- Step 2: Do the exact same thing but with your front wheel slightly higher. Ideally you can lean this on something wedge shaped so that you can work your way along and the front wheel can get higher as you go along. To start though, a step, a kerb, or even a bench will do. Once your front wheel is on find a place on your bike where you’re centred and just hop like you were on level ground as before.
- Step 3: With your front wheel getting higher on the step or bench, play with rocking your weight back so you can do one or two hops on your rear wheel only. You can always touch your front wheel back on the bench if it feels unstable. With a little practise you will be able to go away from the obstacle on your back wheel. Or rock onto the back wheel without needing a step or bench to help you.
Round a Pole Wheelie
This is a great one to learn safely as you’re always holding on to something solid. It’s also a good way of learning the one handed wheelie because it will teach you the control over your rear brake and where exactly the tipping point is.
- Tip 1: Select a low gear so you can easily accelerate into the wheelie and raise the front wheel with minimal effort.
- Tip 2: Cover the rear brake with the hand that remains on the bars and lean away from the poll. As you pedal you should be able to rotate around the poll by relaxing your grip and allowing your fingers to slide round the cylinder.
- Tip 3: Keep going! Once you find all the balance and tipping points this is one of the easiest tricks in this article. You won’t get it first time though, so keep at at. If it all goes wrong the worst that will happen will be you slowly slide down the pole and end up in a heap at the bottom. It’s low risk and fun.
This is basically a manual. Remember that when you see riders with their weight back they are actually throwing it back there to counter balance the front end of their bike. What they’re also doing is pushing with their legs so that the front end is driven up from underneath with a powerful leg push. They’re not lifting the front end up or pulling on the bars. Learning the wheelie or back hop will give you more confidence to trust that tipping point and will let you move about on your bike with confidence.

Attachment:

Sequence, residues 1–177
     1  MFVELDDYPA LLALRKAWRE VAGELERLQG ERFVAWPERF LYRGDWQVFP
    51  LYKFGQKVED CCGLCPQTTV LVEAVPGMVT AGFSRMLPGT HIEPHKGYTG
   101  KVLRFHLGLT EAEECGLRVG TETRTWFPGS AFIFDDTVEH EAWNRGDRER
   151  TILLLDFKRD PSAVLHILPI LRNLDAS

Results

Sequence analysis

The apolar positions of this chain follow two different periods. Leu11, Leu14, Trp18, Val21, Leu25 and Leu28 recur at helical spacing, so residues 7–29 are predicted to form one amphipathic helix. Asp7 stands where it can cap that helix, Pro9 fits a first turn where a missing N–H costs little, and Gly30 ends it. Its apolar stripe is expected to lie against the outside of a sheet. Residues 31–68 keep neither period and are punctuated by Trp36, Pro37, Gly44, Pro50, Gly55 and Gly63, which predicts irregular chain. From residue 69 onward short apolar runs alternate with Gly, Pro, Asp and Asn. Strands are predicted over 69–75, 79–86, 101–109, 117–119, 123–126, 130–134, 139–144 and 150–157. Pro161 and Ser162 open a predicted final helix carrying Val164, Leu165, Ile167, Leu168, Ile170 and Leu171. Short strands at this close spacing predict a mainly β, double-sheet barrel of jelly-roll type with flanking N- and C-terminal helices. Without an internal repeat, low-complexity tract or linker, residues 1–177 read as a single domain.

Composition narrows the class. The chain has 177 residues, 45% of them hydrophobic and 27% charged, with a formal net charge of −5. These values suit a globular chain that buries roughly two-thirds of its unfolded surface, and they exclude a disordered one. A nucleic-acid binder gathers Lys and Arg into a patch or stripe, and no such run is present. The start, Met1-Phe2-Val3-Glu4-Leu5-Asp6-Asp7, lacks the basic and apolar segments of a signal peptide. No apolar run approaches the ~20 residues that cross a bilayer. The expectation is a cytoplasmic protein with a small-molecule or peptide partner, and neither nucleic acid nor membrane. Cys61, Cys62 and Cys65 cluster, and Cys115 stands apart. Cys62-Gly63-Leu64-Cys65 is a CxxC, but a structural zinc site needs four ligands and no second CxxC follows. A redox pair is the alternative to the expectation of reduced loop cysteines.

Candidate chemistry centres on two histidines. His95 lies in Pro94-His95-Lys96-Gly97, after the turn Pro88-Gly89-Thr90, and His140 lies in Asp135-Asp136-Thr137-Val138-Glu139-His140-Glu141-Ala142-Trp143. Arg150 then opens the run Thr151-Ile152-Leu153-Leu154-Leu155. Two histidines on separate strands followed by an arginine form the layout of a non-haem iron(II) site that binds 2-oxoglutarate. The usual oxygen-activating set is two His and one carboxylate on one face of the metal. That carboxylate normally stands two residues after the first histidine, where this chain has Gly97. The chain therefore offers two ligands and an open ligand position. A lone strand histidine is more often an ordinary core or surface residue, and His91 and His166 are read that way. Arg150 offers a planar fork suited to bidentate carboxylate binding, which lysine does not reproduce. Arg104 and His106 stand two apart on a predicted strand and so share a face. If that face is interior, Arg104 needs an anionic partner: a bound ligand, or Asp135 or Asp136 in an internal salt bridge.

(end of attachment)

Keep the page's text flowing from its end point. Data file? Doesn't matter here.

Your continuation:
- Tip 1: Learn to manual on the flat. This is probably the hardest one to master as your rear wheel doesn’t fall off anything. You have to be doing it right to make it work.
- Tip 2: Practice with the rear brake covered, but once you get it try and spend time at the tipping point by controlling the leg push – NOT by using the brake to keep it there.
- Tip 3: Start small and work your way up
This is a car park classic. Look about in any busy trail centre car park and you’ll see deep ruts at the edge of parking spaces or carved into the grass. These are formed by kids coming in low and cornering by pushing with their legs. This will cause the back end of the bike to slide. You can control the slide by backing off the pressure.
- Tip 1: Come in low with your pedals level
- Tip 2: Corner tight and stand up powerfully
- Tip 3: If it slides, back off the pressure
- Tip 4: Keep your body low
Go find a quiet corner of a trail and have fun. You won’t be able to do any of this stuff first go. No one can. But with the right mindset you can make quick progress and have a much better feeling for what you can get away with on your bike. Ultimately you want to just raise a smile and play. As adults we are told that we have to act responsibly and grow up. This is one of those times where you throw that advice out of the window and just have fun. Play as much as you can on your bike and you’ll enjoy it so much more. That’s the whole point after all. Don’t ride like other people think you should. Do it for yourself.